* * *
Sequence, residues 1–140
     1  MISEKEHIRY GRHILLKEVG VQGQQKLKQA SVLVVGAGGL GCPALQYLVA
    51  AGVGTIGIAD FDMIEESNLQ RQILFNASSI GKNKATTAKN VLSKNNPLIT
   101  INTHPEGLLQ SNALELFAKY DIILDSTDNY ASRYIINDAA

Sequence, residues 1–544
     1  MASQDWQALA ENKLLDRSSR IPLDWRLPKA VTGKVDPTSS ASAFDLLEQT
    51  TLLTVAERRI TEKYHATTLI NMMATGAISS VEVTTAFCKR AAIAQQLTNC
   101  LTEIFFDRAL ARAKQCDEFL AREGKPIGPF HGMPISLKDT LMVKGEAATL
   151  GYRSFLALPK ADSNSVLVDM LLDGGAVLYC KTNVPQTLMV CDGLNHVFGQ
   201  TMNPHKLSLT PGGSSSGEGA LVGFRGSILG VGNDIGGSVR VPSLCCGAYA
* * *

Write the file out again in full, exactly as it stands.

Sequence, residues 1–140
     1  MISEKEHIRY GRHILLKEVG VQGQQKLKQA SVLVVGAGGL GCPALQYLVA
    51  AGVGTIGIAD FDMIEESNLQ RQILFNASSI GKNKATTAKN VLSKNNPLIT
   101  INTHPEGLLQ SNALELFAKY DIILDSTDNY ASRYIINDAA

Sequence, residues 1–544
     1  MASQDWQALA ENKLLDRSSR IPLDWRLPKA VTGKVDPTSS ASAFDLLEQT
    51  TLLTVAERRI TEKYHATTLI NMMATGAISS VEVTTAFCKR AAIAQQLTNC
   101  LTEIFFDRAL ARAKQCDEFL AREGKPIGPF HGMPISLKDT LMVKGEAATL
   151  GYRSFLALPK ADSNSVLVDM LLDGGAVLYC KTNVPQTLMV CDGLNHVFGQ
   201  TMNPHKLSLT PGGSSSGEGA LVGFRGSILG VGNDIGGSVR VPSLCCGAYA